about adopting an American Eskimo Dog

Is a male or female dog easier to handle?

An assumption one way or the other is not necessarily correct. The dog's temperament depends many factors. Certainly breeding plays a role in determining the dog's temperament, but many rescues come to us from shelters where history of their lineage is unavailable. Some of the factors considered in determining a dog's temperament are alpha/submissive tendencies, degree of socialization attained, behavior issues or fear triggers. It is best to choose a dog based on temperament, personality and appropriateness for your family situation, rather than be overly concerned with the sex or age of the dog.

Should I adopt a puppy or and older dog?

There are advantages and disadvantages to both choices. Raising a puppy is an enormous commitment and requires alot of patience, and time, to train and socialize the puppy. Some considerations are housebreaking and the usual chewing/destruction stage.The advantage of puppydom is that you can allow the dog to grow with your family, provided you are prepared for the work involved. And, of course, Eskie puppies are unbelievably cute--even when peeing on your shoe. You can adopt a dog up to three years old and still experience the energy and playfulness that people associate with a baby puppy--and yet avoid some of the puppy issues, particularly housebreaking. An older dog is a wonderful choice for busy homes where the family prefers to integrate the dog into their lifestyle as quickly as possible. The advantage of an older dog is that the temperment and personality has fully formed and you can select a dog by temperment that will do well in your paticular home. Dogs in the adult age range--3 and up are excellent choices for family companions, or for those owners with interest in obedience, agility or therapy dog training. Mature dogs, ages 8 and over, make wonderful, loving indoor companions for a relaxed, slow paced environment. These dogs are often overlooked because of their ages, and they really make wonderful, loyal pets.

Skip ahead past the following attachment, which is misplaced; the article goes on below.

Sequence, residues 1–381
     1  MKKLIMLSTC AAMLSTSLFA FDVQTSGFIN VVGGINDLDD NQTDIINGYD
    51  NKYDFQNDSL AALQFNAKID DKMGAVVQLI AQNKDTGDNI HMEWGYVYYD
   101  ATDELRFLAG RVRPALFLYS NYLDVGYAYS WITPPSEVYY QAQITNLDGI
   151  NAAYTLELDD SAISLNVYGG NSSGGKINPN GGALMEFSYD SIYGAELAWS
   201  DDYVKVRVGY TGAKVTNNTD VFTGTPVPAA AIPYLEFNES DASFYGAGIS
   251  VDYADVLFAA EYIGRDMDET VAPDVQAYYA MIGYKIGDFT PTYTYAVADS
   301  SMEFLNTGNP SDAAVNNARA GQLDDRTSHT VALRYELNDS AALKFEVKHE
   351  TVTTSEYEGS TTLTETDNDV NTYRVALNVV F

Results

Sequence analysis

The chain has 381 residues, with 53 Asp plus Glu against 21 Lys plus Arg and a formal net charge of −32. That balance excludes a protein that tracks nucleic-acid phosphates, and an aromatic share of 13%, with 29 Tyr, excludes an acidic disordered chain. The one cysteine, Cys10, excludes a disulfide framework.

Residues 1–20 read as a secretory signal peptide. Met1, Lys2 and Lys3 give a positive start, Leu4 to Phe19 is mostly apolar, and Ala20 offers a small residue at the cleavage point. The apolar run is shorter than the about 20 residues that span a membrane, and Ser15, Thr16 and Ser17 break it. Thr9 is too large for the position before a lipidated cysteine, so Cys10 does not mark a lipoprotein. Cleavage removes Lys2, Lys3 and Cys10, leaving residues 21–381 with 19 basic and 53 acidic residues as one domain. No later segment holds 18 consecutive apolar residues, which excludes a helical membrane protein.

Aren't older dogs at risk for expensive health problems?

Unfortunately, a young age does not guarantee problem free health. However, nutritionally sound diet and exercise will greatly reduce your Eskie's risk of age-related health problems. Eskies tend to live between 14-18 years, if cared for properly. If you adopt an adult or senior dog, you still have lots of time to enjoy your dog's active years. Also, many vets can recommend veterinary insurance plans which are low cost, and will help offset the cost of any major health issues.

If I am adopting a second dog, should I go for an opposite or same sex match?

Again, temperament and personality are the keys, as is the chemistry between the two dogs. The best test is to take your dog to meet the new dog before you adopt, and let them spend some time together. There is usually an adjustment period when two dogs find themselves sharing the same home, especially for a previously "only" dog, but an initial meeting on neutral territory that goes well does bode well for future adjustment.

What is the size difference between a standard and a minature eskie?

Eskies overall are not considered large dogs. The absolute factor in Eskie size is height, toe to shoulders, rather than weight. Generally, standard Eskies measure 15-19 inches, whereas miniatures measure 12-15 inches. The AKC and UKC have slightly different breed standards.Weight can fluctuate based on the dog's bone structure and diet history. Some rescue Eskies have come from neglectful environments and can be underweight or overweight. This cosmetic problem, in most cases, and can be easily corrected with nutritionally sound diet and exercise.